NYACK, N.Y. (CBSNewYork) — As the story goes, Sir Isaac Newton had his eureka moment about gravity under an apple tree.
For Suzanne Barish, her epiphany occurred under a peach tree, where the fruit was just falling to the ground, going to waste behind a fence.
“The peaches weren’t being picked because there was this fence around the peach tree,” Barish, of Nyack, said. “I thought it’s such a shame that there are so many people who walk past this peach tree, who are hungry who need food… and the food is off limits because of this fence.”
Barish came up with the idea to break down the fences and grow food along the sidewalk, making fresh fruits, vegetables and herbs available and free for everyone in the community.
“We have a lot of wasted land and yards. If we could each use a tiny strip of front yard to grow just five vegetables plants, we would have a patchwork farm around a community that could feed all of us,” Barish said. “It just takes a tiny garden to feed a family.”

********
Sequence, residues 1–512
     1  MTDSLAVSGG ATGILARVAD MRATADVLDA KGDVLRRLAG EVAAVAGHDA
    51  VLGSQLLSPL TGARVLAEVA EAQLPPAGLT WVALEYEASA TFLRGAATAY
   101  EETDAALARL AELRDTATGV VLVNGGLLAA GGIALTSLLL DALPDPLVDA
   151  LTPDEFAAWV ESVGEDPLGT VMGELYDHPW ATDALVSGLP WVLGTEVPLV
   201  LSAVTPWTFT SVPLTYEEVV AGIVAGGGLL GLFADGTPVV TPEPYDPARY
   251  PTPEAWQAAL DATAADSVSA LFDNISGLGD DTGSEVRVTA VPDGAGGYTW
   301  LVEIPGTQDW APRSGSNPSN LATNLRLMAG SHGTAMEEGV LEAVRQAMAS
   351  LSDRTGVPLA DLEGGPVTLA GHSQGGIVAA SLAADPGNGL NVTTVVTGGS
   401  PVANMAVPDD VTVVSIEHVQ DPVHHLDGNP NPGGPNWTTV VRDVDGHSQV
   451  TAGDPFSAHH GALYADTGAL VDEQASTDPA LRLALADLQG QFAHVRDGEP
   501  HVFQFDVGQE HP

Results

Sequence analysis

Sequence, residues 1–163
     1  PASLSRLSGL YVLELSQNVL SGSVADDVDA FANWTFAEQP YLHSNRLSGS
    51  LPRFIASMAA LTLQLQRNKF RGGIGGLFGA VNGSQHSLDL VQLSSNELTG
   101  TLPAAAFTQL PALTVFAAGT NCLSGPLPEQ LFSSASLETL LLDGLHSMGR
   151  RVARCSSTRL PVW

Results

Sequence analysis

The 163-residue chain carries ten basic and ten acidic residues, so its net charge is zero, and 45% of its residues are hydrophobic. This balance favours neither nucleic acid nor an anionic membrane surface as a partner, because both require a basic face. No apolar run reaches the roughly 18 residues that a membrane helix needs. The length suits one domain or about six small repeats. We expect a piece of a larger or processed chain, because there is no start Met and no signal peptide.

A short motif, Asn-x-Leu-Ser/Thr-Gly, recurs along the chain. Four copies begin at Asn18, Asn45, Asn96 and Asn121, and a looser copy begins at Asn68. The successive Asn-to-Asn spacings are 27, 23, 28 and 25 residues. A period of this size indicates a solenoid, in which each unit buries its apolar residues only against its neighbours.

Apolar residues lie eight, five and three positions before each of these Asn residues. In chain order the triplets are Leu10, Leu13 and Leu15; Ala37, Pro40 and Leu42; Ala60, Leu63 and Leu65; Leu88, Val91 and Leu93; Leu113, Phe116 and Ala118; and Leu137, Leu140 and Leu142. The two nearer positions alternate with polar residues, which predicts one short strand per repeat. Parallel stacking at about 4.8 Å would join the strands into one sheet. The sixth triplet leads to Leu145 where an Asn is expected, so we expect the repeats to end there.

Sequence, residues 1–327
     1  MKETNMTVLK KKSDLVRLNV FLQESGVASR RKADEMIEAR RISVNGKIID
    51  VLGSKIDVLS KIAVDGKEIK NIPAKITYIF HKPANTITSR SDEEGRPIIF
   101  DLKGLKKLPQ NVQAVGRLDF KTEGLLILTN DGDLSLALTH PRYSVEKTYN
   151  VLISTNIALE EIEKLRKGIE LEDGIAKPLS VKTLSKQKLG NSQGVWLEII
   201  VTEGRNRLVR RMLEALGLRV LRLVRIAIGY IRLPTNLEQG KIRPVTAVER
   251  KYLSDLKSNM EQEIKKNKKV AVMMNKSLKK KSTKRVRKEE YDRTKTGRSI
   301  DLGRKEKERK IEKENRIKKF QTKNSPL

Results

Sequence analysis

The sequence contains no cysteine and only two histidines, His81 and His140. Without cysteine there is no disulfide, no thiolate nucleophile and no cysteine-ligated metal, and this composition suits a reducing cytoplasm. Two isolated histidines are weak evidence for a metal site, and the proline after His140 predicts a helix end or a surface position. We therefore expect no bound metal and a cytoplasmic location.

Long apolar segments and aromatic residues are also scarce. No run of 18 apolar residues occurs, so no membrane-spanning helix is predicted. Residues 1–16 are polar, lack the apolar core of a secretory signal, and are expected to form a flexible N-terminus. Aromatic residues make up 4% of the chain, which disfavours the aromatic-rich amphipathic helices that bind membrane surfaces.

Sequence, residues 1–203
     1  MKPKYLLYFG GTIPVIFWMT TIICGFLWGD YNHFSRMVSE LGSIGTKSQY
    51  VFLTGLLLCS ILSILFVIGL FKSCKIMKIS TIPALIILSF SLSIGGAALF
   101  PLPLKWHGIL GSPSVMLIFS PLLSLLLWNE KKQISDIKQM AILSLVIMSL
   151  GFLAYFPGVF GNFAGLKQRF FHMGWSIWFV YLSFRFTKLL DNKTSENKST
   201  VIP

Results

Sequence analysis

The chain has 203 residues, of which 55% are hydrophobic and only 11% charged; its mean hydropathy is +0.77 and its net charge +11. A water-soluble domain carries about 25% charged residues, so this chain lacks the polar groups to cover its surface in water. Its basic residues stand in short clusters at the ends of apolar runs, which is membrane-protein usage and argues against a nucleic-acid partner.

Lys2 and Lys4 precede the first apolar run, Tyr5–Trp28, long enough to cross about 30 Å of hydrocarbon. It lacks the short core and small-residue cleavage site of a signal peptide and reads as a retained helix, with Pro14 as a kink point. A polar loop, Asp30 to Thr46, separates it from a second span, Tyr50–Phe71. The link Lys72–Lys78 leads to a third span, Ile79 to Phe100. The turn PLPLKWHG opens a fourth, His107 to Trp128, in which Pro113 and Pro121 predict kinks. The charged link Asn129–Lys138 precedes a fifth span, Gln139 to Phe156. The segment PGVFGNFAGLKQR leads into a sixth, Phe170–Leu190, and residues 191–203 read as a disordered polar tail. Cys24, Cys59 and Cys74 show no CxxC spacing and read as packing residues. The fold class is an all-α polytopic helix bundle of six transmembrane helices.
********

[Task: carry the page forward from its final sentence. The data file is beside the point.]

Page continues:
She calls it the Please Pick Project.
“There’s no reason why people shouldn’t be able to access kale and tomatoes just because they’re too expensive at the grocery store,” Barish said. “We all deserve equal access to it.”
In the first year, about 20 families planted open gardens featuring radishes, beets, lettuces, arugula, kale, carrots, spinach, squash, zucchini, cucumbers, tomatoes, eggplants, and peppers.
“People love the idea; people pick the food, people actually did their grocery shopping right from the soil,” Barish said.
Nyack Mayor Jennifer Laird White initially had some concerns.
“I thought it was a wonderful, magical idea and all the logistics made me very nervous,” White said, but “there was not one report of any bad interaction, anybody unhappy in their yard. I think it worked very well.”
Barish’s concept is spreading to South Orangetown, Hastings-on-Hudson, Sleepy Hollow and Fair Lawn, New Jersey.
“I envision this becoming a new cultural shift,” Barish said.